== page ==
WATERFALL BOAT CRUISE

The waterfall boat cruise is a popular activity in the national park. The boat cruise starts from the Paraa dock and ends at the bottom of the falls.

The scenic distance between those two points is 17km. The boat ride used to take two hours. The boat captain used to ride slowly so that tourists could see the hippopotamuses, crocodiles, elephants, water birds and other biodiversity.

Because of the increased water levels of River Nile, attributed to climate change, the shallow areas where hippopotamuses used to wallow are no more. Fewer hippopotamuses can therefore be found trying to wallow in the North bank, which was the best viewing place for hippopotamuses.

Further, on the shores of River Nile in the North bank, crocodiles used to be seen sunbathing. They would open their mouths to cool off. However, the river bank on which they used to sunbathe was flooded due to climate change impacts. The crocodiles now hide in the thickets on the river bank, making them harder to see.

Climate change-induced flooding has affected hippos

                                                                       ROAD CONSTRUCTION
Some of the impacts of road construction in Murchsion Falls NP can be seen in the pictorial below.

Road construction works in Murchison Falls NP

The road construction has created hard-to-navigate mounds in some areas

This Jackson’s Hartesbeest had to use a ridge in the mound to precariously slope down

                                                                                      CONCLUSION
In part 2 on Thursday next week, we will show the other changes to the park. If no action is taken to address the oil exploitation and climate change impacts, the park may lose its alluring features, hurting tourism.

Tourism is a billion-dollar industry in Uganda. The sector earned Uganda $.16 billion at one point. The sector also employs over 667,600 people. Being one of the largest and most visited Ugandan parks, Murchison Falls is not only important for conservation but for the survival of tourism.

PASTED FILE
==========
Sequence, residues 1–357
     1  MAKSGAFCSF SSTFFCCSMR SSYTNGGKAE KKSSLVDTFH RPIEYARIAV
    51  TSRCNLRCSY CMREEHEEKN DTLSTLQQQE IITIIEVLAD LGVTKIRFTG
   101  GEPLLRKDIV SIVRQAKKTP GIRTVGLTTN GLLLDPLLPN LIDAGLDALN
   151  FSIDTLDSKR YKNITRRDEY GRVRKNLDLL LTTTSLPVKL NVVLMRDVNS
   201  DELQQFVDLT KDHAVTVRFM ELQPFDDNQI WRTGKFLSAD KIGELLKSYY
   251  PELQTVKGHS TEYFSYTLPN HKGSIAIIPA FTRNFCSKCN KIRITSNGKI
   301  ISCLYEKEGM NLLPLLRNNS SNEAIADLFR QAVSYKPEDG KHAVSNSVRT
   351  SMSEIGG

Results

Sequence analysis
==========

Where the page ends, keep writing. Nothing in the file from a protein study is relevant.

AFIEGO’s June 2022 newsletter

The newsletter has the following content:
This is our reality: Our rights have been abused by oil project developers
Pictorial of our activities
Lobbying
In the media
Upcoming eventsAFIEGO’s June 2022 newsletter

AFIEGO’s May 2022 newsletter

The newsletter was has the following content:
2022/2023 national budget review: Gov’t must invest more in green economic sectors
Pictorial of our activities
Lobbying
In the media
Upcoming eventsAFIEGO’s May 2022 newsletter

AFIEGO’s April 2022 newsletter

The newsletter which has the following content:

Power up the people! Address gaps in Electricity (Amendment) Bill!
Pictorial of our activities
Lobbying
In the media
Upcoming eventsAFIEGO’s April 2022 newsletter

Press statement -Bugoma forest communities evicted -28-April-2022-1

The press statement relays the following news among others:

The eviction by security forces of about 3,000 families from their farmlands around Bugoma forest;
The eviction of over 350 households from their homes around Bugoma forest;
Failure by government to conclude the Bugoma forest boundary opening, which has contributed to the eviction of the people.

Through the press statement, the Bugoma forest host communities make the following demands among others:

That the Kikuube district security committee led by the RDC explain how the eviction happened yet in previous meetings, the Ministry of Lands had promised that no community members would be evicted;
That the Ministry of Lands resumes the Bugoma forest boundary opening exercise to protect Bugoma forest and communities.Press statement -Bugoma forest communities evicted -28-April-2022

AFIEGO’s March 2022 newsletter

The newsletter which contains the following content:

Delayed justice: Judiciary must hear oil and environmental cases without delay to stop injustices
Pictorial of our activities
Lobbying
In the media
Upcoming eventsAFIEGO’s March 2022 newsletter

AFIEGO’s February 2022 newsletter

The newsletter which has the following content:
No clean energy, no poverty eradication! Gov’t must prioritise clean energy access for success of Parish Development Model
Pictorial of our activities
Lobbying
In the media
Upcoming eventsAFIEGO’s February 2022 newsletter